Human cysticercosis, however, develops after humans ingest Taenia solium eggs. The eggs are typically spread via food, water, or surfaces contaminated with infected faeces. Many times the eggs may be spread from the hands of infected food handlers who do not clean their hands or from foods fertilized/irrigated with water containing infected human faeces. Though the source of this faeco-oral transmission often occurs from other infected individuals, it is also possible for individuals who carry the tapeworm to auto infect themselves. Cysticercosis usually involve nervous system, it is called as neurocysticercosis. Involvement of other body tissue can occur affecting eyes, musculoskeletal system and subcutaneous tissues.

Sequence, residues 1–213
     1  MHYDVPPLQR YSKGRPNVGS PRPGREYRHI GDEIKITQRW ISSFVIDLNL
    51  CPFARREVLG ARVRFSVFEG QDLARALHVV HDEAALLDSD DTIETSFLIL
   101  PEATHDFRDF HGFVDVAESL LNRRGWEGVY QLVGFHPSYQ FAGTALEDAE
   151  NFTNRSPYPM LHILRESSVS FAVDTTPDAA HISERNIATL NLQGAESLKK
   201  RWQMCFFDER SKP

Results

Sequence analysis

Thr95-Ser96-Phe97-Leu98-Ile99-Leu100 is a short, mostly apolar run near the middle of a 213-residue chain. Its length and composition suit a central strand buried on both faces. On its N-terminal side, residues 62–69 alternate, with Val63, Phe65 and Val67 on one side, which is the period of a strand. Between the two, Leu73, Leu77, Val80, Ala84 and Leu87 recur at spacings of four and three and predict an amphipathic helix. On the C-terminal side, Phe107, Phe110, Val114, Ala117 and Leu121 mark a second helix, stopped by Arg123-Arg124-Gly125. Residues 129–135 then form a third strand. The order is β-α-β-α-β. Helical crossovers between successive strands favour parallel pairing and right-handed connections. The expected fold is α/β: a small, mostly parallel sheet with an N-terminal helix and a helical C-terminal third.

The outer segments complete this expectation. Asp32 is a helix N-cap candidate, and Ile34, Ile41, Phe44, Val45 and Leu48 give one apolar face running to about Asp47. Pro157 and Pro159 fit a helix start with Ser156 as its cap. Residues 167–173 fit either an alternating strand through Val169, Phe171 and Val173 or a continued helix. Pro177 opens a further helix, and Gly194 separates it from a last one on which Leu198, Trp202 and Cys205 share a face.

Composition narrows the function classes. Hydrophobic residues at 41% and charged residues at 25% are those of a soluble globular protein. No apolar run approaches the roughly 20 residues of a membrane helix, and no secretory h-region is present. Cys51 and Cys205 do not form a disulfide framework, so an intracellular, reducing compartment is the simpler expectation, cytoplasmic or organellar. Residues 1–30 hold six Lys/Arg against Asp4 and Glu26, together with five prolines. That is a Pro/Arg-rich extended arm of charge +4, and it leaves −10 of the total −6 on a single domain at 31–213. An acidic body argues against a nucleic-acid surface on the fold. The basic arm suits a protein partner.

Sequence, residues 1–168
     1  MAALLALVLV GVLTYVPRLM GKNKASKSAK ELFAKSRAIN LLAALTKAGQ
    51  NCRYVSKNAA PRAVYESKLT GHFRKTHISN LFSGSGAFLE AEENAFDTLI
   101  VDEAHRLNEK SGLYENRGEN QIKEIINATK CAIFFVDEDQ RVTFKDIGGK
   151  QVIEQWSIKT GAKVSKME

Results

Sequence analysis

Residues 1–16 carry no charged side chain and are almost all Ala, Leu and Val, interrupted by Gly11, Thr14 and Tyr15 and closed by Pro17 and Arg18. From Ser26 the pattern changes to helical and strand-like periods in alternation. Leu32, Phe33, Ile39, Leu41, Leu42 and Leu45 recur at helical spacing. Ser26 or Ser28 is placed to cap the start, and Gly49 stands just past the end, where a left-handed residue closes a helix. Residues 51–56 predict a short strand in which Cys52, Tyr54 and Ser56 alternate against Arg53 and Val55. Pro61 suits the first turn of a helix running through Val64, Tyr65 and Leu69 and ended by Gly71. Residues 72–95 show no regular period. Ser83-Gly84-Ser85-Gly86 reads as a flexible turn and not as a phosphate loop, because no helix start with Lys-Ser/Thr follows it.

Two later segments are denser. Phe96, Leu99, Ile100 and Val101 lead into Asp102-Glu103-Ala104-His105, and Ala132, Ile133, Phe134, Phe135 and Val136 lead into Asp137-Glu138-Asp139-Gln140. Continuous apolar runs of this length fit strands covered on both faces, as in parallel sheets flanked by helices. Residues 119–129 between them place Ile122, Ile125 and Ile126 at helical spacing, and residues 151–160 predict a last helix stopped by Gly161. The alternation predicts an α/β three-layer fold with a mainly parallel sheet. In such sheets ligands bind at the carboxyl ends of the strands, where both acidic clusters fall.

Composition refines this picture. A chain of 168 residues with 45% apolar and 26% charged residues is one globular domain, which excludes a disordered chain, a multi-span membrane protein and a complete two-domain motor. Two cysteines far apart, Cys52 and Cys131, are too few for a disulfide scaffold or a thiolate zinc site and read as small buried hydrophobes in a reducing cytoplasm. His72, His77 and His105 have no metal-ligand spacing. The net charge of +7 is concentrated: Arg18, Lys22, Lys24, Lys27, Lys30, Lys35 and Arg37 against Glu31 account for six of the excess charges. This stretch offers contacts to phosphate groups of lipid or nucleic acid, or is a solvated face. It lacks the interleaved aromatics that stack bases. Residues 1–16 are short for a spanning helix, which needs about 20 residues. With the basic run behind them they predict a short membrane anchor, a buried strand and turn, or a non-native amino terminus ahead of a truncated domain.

In conjunction with the stool examination the radiological imaging may lead to the diagnosis of cysticercosis. Blood testing may sometimes help but is not very accurate. Rarely biopsy is needed to arrive at the diagnosis.

The complications that may be seen with cysticercosis are seizures, stroke, vision changes, and cognitive problems. The prognosis for the majority of patients with cysticercosis is excellent with proper management.

Asymptomatic patients may not require any treatment. Specific anthelminthic therapy with albendazole or praziquantel is recommended for patients with non-calcified, viable cystic lesions (6,7). Accompanied corticosteroids prevent increased inflammation due to cyst degeneration under anthelminthic treatment (8). Surgical intervention can be necessary in the setting of intracranial hypertension caused by hydrocephalus or giant cysts (9).


When the patient presents with a musculoskeletal swelling of uncertain aetiology especially in the endemic areas of tapeworm infestations, differential diagnosis of cysticercosis should be considered. Excisional biopsy gives the final diagnosis when other investigations like FNAC or USG do not point towards it.